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Self-Portrait with Orbit

An arced path around a central point, bound to but held apart,
as in night’s returning grace, or standing waves.

In periapsis, you reach out as I slowly withdraw.

Gravity does not prevent departure but prolongs it.

The acceleration of a body is equal to the sum of the gravitational forces, divided by its mass. I rise from the chair but can’t escape.

Not circular but elliptical.

Where falling away and curving from never meet.

Realizing that I am neither focus nor center, I discover place
in symmetry, in flow and subtraction.

A cloud obscures the sun and you close your eyes.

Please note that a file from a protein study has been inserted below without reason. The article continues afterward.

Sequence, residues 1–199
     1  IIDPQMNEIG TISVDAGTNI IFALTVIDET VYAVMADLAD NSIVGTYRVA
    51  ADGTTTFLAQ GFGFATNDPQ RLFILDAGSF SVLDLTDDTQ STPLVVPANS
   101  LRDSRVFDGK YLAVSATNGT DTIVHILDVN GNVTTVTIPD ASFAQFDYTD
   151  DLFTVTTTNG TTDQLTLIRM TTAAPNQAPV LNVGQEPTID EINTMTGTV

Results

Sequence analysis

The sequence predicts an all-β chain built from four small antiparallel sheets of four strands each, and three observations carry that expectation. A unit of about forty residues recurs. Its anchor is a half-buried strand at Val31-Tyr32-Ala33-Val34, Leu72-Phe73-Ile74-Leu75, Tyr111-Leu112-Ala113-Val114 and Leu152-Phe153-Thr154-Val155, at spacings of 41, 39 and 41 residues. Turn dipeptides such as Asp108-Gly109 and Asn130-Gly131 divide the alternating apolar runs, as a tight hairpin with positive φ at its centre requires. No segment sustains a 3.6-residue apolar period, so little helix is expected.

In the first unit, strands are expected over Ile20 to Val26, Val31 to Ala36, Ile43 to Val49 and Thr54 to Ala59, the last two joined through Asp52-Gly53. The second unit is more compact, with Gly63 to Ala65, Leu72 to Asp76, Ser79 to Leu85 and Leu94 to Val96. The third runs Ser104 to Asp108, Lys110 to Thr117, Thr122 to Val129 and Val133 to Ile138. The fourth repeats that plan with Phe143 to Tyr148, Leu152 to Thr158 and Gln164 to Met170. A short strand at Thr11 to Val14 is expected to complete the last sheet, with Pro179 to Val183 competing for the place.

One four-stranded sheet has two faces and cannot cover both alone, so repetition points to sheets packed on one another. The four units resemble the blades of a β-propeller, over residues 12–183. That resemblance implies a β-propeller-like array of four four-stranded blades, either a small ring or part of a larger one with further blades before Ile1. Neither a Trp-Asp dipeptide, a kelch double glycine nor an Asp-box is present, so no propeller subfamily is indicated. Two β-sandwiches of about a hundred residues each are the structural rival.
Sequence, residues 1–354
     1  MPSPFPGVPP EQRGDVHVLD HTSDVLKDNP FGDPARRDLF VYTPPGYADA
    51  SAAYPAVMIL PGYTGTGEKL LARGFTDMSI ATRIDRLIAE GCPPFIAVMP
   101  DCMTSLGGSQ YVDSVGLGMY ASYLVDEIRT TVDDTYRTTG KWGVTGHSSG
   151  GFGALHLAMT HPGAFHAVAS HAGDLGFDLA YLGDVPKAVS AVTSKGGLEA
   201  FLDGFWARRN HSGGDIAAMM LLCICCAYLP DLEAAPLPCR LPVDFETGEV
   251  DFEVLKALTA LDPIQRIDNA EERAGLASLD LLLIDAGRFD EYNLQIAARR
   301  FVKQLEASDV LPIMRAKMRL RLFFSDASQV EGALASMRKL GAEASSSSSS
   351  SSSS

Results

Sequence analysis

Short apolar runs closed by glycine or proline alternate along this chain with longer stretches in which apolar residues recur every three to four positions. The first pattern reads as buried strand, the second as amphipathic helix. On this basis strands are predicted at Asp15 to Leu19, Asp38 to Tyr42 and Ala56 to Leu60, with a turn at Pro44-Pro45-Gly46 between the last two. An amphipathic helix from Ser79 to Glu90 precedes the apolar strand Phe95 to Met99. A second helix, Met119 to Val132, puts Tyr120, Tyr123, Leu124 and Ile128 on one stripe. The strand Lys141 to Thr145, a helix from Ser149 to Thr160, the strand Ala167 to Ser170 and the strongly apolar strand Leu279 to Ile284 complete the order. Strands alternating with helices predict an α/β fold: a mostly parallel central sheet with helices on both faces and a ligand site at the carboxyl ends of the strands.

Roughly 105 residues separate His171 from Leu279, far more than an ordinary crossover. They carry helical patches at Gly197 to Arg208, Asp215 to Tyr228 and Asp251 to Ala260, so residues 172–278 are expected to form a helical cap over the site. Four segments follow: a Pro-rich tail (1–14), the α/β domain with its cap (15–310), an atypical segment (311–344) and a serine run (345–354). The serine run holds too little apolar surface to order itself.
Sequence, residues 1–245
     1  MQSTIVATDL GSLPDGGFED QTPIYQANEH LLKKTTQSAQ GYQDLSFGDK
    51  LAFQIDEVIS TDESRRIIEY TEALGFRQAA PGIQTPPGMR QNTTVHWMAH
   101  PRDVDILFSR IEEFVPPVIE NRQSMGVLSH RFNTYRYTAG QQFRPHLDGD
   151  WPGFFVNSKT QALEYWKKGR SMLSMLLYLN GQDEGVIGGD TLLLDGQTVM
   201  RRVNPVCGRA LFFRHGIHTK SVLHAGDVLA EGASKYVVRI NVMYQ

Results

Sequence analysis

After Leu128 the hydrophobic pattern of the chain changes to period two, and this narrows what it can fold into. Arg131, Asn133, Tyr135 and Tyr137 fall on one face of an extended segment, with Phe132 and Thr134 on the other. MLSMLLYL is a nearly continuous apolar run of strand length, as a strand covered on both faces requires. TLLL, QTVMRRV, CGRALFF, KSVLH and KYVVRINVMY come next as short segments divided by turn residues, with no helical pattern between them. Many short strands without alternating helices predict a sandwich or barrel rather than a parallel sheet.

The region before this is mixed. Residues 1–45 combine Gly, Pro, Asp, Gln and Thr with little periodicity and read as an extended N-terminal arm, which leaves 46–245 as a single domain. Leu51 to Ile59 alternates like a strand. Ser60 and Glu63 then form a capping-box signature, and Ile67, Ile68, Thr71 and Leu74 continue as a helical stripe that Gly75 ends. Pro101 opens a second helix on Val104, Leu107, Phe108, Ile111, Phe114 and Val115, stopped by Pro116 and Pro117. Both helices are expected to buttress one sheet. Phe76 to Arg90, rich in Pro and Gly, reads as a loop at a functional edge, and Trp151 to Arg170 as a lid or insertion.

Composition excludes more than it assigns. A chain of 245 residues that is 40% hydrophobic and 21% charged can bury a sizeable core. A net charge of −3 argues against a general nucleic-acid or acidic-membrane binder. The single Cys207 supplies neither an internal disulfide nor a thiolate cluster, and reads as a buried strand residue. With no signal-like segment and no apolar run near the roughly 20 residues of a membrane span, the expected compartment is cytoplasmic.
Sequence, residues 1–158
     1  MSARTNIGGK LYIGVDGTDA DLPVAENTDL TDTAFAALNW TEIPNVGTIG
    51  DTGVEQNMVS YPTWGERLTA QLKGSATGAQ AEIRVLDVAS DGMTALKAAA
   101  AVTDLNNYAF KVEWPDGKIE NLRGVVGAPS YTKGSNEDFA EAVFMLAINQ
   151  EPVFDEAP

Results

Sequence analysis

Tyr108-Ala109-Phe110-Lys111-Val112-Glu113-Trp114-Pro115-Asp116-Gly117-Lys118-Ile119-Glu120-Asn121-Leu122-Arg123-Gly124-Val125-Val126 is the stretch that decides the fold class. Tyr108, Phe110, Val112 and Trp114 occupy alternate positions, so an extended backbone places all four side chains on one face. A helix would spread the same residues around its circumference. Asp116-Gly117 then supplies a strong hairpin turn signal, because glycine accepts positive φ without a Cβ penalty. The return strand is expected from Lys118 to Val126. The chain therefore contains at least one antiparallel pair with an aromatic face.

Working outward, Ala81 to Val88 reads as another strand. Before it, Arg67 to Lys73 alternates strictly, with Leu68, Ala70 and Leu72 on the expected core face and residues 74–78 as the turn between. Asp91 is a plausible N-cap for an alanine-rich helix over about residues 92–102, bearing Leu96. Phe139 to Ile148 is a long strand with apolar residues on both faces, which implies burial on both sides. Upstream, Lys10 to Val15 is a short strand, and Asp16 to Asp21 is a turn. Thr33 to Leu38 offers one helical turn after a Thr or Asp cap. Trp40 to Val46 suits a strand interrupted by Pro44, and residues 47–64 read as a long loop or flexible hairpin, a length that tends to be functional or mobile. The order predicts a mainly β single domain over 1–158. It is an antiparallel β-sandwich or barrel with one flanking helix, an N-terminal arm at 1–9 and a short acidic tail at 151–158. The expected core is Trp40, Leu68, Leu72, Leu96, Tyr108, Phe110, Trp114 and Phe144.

I wither at the thought of scaling or relative size, or your departure.

In the simplest Klemperer rosette, four bodies cycle their dances,
heavy, light, heavy, light, in a rhombic configuration.

My arteries fill in opposition to desire.

Wanting you, I absolve weight and listen, accept my place.

old man grammo - upsidedown

“Self-Portrait with Orbit” appeared on the blog in November 2015, and is included in The Circumference of Other, my offering in the Silver Birch Press publication, IDES: A Collection of Poetry Chapbooks, available on Amazon.

Staircase at Fifteen

staircase

Staircase at Fifteen

Ascending, her centrifugal
influence captures me

and I follow,
breathless,
witless, wordless,

despite all longing
and shared

discretions, in spite
of the thundering
pulse
and the incessant
demand to act
or run.

She pauses, looks
down, sees
nothing.

Suddenly freed,
spinning off
and slowing down,
shrinking,

far below, on equal
footing but so
apart,

never to meet
in truth, unable
to define direction or

motive, I remain
fixed as she moves